“Yo, we out to PR real quick”, said my dear friend known as “Rookie”.
Before I even purchased my flight, I immediately thought about how I was going to wear my hair with what outfits.
Some call it “girly”, I call it knowing that I’m going to write a post on my trip so I need my hair to be on point for the pictures.
We all know maintaining your hair in general is a job in itself, so just imagine when you’re on vacation on a tropical island. The sun and water we once loved turns into our worst enemy when we’re away from our natural habitat. The sun produces UVA and UVB rays that can damage the hair cuticle. Your hair can become dry- this is even riskier when you have colored hair like me.
As much as I love the pool and the beach, I had to be careful. While I don’t care about wetting my hair (because I wet it often), the chlorine from the pools and salt from the beaches care even less. While there are ways to coat your hair before going for a swim like sealing it with a hair mask, deep conditioner, or coconut oil, it is possible to forget. You also don’t want to wash your hair all the time, so if coconut oil makes your hair super greasy (like it does to me), this creates an inconvenience for you and your hair. Washing your hair takes on average 20-30 minutes and depending on how long it takes to dry, you can wait hours until its reached your desired result, resulting in an unwanted wash-and-go for the time being.
When I was in Puerto Rico, I had a mental schedule of how often I was going to wash my hair. I initially planned about twice which turned into about four times. I washed it after the pool, the beach, jet skiing, and one morning because my hair had flattened out too much (guess those mojitos took over my body and didn’t allow me to even wrap my hair overnight).
I was also a fan of wrapping my hair for the water during the trip. I avoided dipping my head in at first, but once I got on that jet ski and the splashing waves had no mercy for my wrap, I knew it was over. At one point my wrap literally almost flew off my head while I was speeding through the Isla Verde waters, luckily I grabbed it on time. Oh, and what about when I flew off the banana boat? Yeah…that wasn’t pretty. By the time my hair was drenched in that super salty water, I knew I was in for a deep, deep conditioning session afterwards.
Once I got back to my AirBNB and hopped in the shower, I almost had a fight with my detangling comb. If it had any hands, it would’ve definitely squared up with me. With that being said, I had a rough time detangling my hair because it was brittle at the moment. Extra deep conditioner was needed if not, I would’ve ripped all my hair out. I learned my lesson, though. Although I deem myself a curly hair guru, I break the rules sometimes. For the future, I just have to be strict with myself on how imperative it is to keep your hair hydrated, especially on a tropical vacation.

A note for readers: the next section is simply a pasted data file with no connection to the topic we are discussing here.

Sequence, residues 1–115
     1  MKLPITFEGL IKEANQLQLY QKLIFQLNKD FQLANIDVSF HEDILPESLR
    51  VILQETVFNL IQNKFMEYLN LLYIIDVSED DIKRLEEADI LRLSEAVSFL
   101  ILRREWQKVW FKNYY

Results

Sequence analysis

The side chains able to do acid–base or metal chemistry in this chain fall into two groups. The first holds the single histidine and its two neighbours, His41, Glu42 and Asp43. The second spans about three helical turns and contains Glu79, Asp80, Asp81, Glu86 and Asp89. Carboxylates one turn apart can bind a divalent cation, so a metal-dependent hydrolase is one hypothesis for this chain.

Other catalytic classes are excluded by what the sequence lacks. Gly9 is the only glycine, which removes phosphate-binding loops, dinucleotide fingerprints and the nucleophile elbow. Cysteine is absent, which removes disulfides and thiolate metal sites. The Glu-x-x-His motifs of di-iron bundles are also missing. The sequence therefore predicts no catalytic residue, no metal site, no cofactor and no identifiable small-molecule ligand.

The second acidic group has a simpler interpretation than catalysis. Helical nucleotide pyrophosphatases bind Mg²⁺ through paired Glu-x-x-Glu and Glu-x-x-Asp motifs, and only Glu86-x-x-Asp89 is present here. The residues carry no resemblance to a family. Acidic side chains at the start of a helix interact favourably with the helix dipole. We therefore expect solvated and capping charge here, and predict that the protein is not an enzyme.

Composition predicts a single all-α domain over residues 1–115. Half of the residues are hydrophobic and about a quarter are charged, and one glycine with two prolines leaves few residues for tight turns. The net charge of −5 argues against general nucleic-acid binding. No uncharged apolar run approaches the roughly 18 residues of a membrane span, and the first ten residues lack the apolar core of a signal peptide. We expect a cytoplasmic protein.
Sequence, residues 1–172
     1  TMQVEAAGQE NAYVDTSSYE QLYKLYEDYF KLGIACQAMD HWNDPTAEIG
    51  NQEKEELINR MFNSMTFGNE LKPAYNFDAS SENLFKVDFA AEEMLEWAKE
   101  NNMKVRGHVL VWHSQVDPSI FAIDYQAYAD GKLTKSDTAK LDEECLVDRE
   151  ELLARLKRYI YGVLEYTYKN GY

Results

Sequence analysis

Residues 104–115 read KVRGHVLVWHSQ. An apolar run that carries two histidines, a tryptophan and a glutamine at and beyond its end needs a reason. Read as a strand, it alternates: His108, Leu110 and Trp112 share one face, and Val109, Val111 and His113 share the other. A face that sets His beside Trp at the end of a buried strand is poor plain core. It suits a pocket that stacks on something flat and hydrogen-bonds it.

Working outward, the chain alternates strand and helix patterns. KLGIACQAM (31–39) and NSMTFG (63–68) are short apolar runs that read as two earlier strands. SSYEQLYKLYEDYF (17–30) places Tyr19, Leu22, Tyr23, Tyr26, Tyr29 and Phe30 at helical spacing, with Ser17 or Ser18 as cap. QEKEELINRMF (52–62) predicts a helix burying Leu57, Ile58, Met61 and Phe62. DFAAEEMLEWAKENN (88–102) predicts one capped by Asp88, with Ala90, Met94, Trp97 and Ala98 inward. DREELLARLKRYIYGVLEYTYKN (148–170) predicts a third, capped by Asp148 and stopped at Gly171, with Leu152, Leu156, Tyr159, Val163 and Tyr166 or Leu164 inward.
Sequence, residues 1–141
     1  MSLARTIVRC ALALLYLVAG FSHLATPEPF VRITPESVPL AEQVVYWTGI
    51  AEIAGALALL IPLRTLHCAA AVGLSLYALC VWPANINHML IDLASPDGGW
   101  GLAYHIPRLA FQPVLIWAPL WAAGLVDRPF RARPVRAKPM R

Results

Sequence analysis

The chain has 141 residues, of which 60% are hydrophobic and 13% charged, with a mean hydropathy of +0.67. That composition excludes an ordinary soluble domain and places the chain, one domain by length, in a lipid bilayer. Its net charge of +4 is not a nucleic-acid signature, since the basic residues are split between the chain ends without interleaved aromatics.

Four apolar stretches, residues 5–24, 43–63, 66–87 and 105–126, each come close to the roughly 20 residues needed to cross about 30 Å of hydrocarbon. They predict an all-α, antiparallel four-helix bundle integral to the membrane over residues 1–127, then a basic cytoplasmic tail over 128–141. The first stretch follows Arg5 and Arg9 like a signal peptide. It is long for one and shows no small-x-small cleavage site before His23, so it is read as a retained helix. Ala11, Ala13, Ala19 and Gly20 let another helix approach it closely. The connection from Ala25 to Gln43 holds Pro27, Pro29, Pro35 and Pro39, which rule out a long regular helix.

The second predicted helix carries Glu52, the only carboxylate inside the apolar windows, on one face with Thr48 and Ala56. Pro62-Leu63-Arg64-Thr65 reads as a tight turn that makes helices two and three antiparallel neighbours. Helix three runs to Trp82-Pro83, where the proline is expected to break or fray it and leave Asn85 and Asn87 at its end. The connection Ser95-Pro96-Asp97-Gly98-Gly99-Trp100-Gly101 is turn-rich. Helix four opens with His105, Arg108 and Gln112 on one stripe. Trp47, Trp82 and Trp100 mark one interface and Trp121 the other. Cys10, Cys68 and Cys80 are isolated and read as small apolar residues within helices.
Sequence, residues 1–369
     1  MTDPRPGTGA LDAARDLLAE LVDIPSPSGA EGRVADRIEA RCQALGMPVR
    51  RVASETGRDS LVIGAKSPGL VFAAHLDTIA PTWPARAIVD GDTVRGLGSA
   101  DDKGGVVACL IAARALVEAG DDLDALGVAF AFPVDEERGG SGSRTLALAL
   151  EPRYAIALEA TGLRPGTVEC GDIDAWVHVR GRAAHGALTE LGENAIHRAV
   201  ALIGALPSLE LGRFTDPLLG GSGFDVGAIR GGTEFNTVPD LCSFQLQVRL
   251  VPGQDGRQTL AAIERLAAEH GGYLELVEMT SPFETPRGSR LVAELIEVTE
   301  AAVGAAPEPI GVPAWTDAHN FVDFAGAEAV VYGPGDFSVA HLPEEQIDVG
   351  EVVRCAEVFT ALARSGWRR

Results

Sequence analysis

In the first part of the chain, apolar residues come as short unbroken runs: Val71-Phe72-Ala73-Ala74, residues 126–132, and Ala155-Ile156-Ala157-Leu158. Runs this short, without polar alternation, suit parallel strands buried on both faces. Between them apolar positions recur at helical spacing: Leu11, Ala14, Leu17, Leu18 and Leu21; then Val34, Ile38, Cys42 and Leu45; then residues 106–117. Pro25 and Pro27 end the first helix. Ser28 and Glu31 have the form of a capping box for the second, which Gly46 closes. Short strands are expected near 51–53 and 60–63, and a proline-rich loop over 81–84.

My other issue with my hair is the time it takes to dry- it literally takes over seven hours for my hair to successfully dry the way I want it to. I prefer my hair puffy which is why I raise the standards so high. I feel it’s not at its full potential when it’s semi-wet so I hope you understand my struggle when I’m trying to look cute for the ‘gram, but it just isn’t working.
The best way to allow your curls to define is to let them air dry instead of diffusing. That way they’ll work on their own without any manipulation, which causes frizz. So if your hair is like mine and takes forever and two days to dry, I hope you’re an early bird because it might benefit you to wake up earlier in the day so your hair can be how you want it by the evening.
My best experience on the island was visiting El Morro, a historical landmark I’ve only seen in pictures and never thought I would see in person. The view of the ocean, the Santa María Magdalena de Pazzis cemetery overlooking the shantytown of La Perla was just beautiful. I promise you pictures won’t do this justice. I enjoyed every minute of this sightseeing tour except the strong winds all up in my hair. I couldn’t even properly see or take pictures without my hair flying in my face.
While I am aware that nature takes its course, especially by the ocean, my hair was super frizzy afterwards in which messed up my anticipated do for the night. It wasn’t the end of the world, obviously. Just wanted to make you are all aware of minor and unexpected inconveniences that come with wanting to sport your curls flawlessly on vacation.
I had similar experiences when I traveled to Miami and Jamaica- the water is so tempting and sometimes you just want to take a dip without taking precautionary measures. I must say, the sun definitely lightened my hair in which some streaks turned white. There are lots of other options out there on how to wear your curls on vacation. Opt for wraps (secure them tightly with bobby pins), pushed back curly ponytails, and even curly hair gels to keep your hair intact. If you like the puffier look, avoid dipping your full head into water and try to stay away from winds (if possible). However, don’t forget to enjoy your vacation and don’t make your hair the biggest priority. After all, you’ll always have your hair after the trip but you will not be able to relive the same memories.